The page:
This text is part of the special section Artificial Intelligence and Cybersecurity
In the field of health, artificial intelligence (AI) will be used in particular to detect diseases earlier and find new treatments. More and more companies are collaborating with the healthcare community to implement the medicine of tomorrow. Overview of the different initiatives.
For Laurent Tillement, AI is used to use new technologies to serve patients. “The objective is to improve disease prevention,” summarizes the director of AI and health partnerships at the Quebec Institute of Artificial Intelligence (Mila).
The organization announced several partnerships, including one with MoCA Cognition to fight Alzheimer’s disease and dementia. Mila has also partnered with iMediSync to advance artificial intelligence in mental health, and with Lixa to address antimicrobial resistance.
“There is a lot of information to take into account. During a visit, a doctor may not have the time to go through all this information, but could have a tool to support him in this care,” says Mr. Tillement.
Helping healthcare professionals better interpret certain data can also contribute to disease prevention. This is what Mila is working on with MoCA Cognition. The latter has set up a program to detect Alzheimer’s disease at an early stage. “But on its own, the test cannot completely predict whether the patient really has the disease,” emphasizes Ziad Nasreddine, neurologist and president of MoCA Cognition. So, a person could instead suffer from depression, or simply have sleeping problems.
By adding additional analyses, including blood tests to detect biomarkers, a diagnosis is made more precisely. Mila and MoCA Cognition are working to develop a tool that uses AI to determine which cognitive performance patterns indicate the presence or absence of Alzheimer’s, continues Mr. Nasreddine.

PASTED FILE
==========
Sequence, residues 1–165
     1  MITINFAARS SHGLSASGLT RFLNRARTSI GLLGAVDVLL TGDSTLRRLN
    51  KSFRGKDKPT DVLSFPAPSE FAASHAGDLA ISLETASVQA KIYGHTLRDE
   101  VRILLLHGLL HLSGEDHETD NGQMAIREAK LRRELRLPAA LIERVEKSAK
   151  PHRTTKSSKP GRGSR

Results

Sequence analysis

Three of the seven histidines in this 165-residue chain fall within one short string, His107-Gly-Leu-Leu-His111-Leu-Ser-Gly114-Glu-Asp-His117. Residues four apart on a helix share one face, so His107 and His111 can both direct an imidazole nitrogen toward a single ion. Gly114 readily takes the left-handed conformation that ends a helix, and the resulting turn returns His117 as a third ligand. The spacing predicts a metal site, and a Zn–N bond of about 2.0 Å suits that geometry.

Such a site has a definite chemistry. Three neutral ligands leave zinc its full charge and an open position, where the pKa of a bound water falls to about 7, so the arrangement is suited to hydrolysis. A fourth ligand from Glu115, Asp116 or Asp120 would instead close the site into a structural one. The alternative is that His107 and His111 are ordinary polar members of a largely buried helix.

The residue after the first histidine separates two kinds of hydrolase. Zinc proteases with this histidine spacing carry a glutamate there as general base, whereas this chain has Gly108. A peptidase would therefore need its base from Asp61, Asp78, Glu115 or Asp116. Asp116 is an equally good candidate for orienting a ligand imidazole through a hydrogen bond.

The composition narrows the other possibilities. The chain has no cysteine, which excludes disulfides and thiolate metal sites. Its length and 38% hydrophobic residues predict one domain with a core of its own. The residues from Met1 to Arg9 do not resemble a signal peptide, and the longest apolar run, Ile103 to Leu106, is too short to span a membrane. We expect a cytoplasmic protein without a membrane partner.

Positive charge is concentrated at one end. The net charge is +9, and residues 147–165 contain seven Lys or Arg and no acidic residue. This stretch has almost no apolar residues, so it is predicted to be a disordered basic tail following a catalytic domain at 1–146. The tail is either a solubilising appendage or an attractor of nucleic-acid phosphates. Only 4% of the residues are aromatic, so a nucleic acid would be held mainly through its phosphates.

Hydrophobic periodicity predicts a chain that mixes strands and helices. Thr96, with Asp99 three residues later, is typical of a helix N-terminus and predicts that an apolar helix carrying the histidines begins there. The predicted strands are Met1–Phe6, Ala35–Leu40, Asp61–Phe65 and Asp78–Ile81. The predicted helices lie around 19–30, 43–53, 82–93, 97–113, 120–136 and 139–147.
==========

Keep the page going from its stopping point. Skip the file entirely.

The implementation of AI is also taking place at a broader level in health. This is what the IVADO consortium, which is led by the University of Montreal with four university partners, is working to do. Its mission is to build and promote “robust, reasoned and responsible” AI.
In July, IVADO announced a collaboration with the Canadian Institute for Advanced Research (CIFAR) to develop AI in the health sector. The objective is to set up a system called PACS-AI, to Picture Archive and Communication System, explains Luc Vinet, general director of IVADO and professor of physics at the University of Montreal. ” We want [jumeler le système d’archivage et de transmission d’images] using AI to compare data for the benefit of health and implement this widely in hospitals,” he summarizes.
“The whole strength of AI comes from the fact that we can analyze quantities of information much more powerfully that the brain cannot assimilate,” he adds. In particular, it will be possible to identify cancer cells more quickly than with an examination using the human eye. And this, with the aim of providing care more quickly and increasing patients’ chances of survival. “It applies to all kinds of other pathologies. We will be able to detect them with more certainty, and prepare treatments,” continues Mr. Vinet.
Mr. Nasreddine agrees. “If we detect Alzheimer’s disease early, it will help treat people more quickly. And this will allow them to remain independent for longer with cognition that will decline more slowly than if we spotted them later,” he says.
Challenges and opportunities
For Mr. Tillement, the main challenge today remains access to information. “When you’re sick, it shouldn’t be a shame. But access to data is difficult,” he emphasizes. However, better access would promote quicker treatment, he believes. “And this would make it possible to have a doctor who is more certain of his diagnoses,” he adds.
For his part, Mr. Nasreddine is of the opinion that the digitization of existing tools remains a major problem. “The new tests we have developed are now electronic. This allows data extraction which will go quickly into an anonymous database to be able to analyze the information in a more significant way,” he believes.
While AI comes with its share of questions, the benefits of such technology in medicine far outweigh it. “It’s crucial to work on safety. But if there is a sector where the benefits are obvious for the population, it is health. By collaborating, businesses are sure to benefit the most and as quickly as possible.”
This content was produced by the Special Publications team at Duty, relating to marketing. The writing of the Duty did not take part.